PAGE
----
This past Monday – August 25 – Green Seal’s Communications Specialist Brie Welzer attended the National Institute for Government Purchasing (NIGP) 2014 Forum held at the Pennsylvania Convention Center.
In case you’re unfamiliar with this organization, NIGP’s mission statement is the following:
Developing, supporting and promoting the public procurement profession through premier educational and research programs, professional support, technical services and advocacy initiatives that benefit members and constituents since 1944.
Here are a few details from the event:
Our Team: Exhibitors at NIGP with Green Seal-certified products included: Diversey, Ecolab, Waxie Sanitary Supply, Georgia Pacific, Cintas, Grainger, MSC Industrial, and AmSan.
Our Client Support: We provided each of the above companies with an Anniversary Ribbon that highlighted the number of years a company has produced Green Seal-certified products.
Appreciated the Green Facilities: The Pennsylvania Convention Center uses Green Seal-certified cleaning products throughout their facilities and Green Seal-certified hand soap in their bathrooms.
Green Seal and Procurement – A Bit of Context:
Government and private procurement decision makers have significantly helped Green Seal pursue our mission – to green the economy – by “specifying” Green Seal-certified products in their bids. The “specification” means that procurement officers give preference to proven-green (certified) products. The specification can exist as a guidance document for procurement officers (“try to purchase X”) or as legislation that details procurement requirements (“you MUST purchase X”).
For example, in 2005, New York State passed legislation that required the procurement of green cleaning products for all elementary and secondary schools (in lieu of conventional products), and this was later expanded to all state agencies and public authorities. Language from a 2007 report describes this in more details:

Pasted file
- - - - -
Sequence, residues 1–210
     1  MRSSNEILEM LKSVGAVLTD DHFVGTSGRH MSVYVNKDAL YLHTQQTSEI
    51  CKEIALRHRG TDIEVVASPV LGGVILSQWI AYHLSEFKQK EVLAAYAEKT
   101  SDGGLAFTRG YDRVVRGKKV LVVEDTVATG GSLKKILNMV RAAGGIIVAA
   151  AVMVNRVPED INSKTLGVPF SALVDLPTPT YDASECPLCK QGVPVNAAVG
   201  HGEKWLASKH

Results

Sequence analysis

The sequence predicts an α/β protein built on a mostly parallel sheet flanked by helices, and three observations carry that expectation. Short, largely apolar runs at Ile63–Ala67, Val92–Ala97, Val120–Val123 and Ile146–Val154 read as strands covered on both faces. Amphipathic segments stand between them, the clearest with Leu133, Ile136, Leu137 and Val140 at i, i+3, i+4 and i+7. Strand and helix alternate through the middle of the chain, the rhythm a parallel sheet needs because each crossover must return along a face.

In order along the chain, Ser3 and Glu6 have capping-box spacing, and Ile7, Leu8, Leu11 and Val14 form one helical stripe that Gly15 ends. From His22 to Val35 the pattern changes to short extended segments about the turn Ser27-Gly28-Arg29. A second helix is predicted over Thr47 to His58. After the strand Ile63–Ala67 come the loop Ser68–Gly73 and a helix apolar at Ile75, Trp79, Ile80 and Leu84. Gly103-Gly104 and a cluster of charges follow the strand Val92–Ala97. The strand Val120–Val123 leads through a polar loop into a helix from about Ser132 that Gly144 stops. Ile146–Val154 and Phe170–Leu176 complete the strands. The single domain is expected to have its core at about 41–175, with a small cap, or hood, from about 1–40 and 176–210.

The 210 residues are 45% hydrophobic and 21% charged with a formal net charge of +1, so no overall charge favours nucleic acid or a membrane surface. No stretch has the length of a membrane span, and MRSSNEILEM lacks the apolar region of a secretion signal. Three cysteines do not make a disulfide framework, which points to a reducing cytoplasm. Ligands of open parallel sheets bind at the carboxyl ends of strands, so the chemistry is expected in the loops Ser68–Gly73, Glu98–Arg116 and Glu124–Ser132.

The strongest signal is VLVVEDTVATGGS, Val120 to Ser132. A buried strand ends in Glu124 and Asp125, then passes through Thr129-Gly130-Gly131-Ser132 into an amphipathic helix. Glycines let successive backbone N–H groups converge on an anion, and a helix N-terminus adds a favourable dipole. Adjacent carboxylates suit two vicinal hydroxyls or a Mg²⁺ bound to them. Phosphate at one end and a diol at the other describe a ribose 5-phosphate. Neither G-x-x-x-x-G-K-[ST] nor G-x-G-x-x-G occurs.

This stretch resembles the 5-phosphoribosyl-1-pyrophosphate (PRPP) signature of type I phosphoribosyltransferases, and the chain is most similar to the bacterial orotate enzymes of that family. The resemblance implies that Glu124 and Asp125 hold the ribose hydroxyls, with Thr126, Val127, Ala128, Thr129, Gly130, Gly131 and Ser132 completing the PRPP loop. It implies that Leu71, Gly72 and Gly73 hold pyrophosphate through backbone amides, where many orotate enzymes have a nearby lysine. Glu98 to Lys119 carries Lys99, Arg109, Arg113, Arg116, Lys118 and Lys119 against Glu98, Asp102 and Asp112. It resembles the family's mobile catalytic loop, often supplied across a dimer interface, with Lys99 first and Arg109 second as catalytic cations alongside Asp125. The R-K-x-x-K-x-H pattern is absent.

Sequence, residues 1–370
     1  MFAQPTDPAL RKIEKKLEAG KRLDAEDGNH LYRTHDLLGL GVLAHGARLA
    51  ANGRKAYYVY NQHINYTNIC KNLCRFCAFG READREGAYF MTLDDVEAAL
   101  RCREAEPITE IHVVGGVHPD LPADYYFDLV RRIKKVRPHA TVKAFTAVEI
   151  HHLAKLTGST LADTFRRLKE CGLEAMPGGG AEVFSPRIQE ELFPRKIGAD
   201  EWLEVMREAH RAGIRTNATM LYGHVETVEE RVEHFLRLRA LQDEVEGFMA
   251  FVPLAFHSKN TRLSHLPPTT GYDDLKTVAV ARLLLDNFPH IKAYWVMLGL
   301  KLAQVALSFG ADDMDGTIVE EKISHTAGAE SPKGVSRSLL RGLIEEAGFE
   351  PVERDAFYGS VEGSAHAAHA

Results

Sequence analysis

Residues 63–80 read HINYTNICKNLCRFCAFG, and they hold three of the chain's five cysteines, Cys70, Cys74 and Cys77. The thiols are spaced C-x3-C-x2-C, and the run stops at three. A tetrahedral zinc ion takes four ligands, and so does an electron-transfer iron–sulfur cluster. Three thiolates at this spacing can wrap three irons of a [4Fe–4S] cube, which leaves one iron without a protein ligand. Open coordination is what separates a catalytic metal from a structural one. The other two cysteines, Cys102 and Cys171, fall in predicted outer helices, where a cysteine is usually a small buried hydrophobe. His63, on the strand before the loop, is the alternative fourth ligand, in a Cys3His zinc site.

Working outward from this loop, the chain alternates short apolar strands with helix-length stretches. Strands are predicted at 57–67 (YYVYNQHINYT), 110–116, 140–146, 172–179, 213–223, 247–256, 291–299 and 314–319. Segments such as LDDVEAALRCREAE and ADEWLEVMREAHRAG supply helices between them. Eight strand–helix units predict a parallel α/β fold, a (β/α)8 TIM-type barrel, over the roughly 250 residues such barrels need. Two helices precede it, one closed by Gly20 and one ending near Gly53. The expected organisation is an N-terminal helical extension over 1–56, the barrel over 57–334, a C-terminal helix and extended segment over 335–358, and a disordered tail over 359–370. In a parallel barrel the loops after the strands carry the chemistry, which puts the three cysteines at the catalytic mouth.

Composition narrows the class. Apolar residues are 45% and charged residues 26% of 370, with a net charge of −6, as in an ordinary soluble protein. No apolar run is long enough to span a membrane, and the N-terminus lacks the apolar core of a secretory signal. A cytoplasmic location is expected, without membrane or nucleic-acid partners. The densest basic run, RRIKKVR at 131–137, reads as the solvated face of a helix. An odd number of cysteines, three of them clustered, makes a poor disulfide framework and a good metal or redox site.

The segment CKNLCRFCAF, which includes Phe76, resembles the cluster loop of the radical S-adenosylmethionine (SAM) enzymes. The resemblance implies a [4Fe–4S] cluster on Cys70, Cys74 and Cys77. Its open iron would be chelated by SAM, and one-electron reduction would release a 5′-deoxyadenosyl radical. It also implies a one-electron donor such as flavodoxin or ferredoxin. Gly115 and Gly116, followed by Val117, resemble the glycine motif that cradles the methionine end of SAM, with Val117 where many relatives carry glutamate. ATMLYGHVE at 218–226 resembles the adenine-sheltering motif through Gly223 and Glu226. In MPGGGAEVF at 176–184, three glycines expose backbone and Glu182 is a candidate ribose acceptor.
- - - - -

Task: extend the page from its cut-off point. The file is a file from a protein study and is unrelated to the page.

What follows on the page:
“The main goal of the legislation, to provide environmentally preferable cleaning products for use in schools that are available in the same form, function, and utility, as traditional products has largely been achieved. There are numerous products available in each of the eight cleaning categories that were addressed by the Green Cleaning Guidelines. Of those categories, six (Glass Cleaner, Bathroom Cleaner, Carpet Cleaner, General Purpose Cleaner, Vacuum Cleaners, and Hand Soaps), are certified either by Green Seal, Environmental Choice, or the Carpet and Rug Institute (CRI) and serve to replace traditional, more toxic products.”
Back to Present Day:
On October 8th, at our 25th Anniversary Gala in Washington, DC, we’ll be presenting an award to one organization that has catalyzed the greening of public procurement: the Healthy Schools Network. Their guidebook titled “Healthy Purchasing for Healthy Schools: A Guidance Memo Green Cleaning + Five More Product Categories to Help Make Schools Healthier” in particular has helped numerous educational procurement and facilities teams. Check it out, and learn more about the greening of public procurement!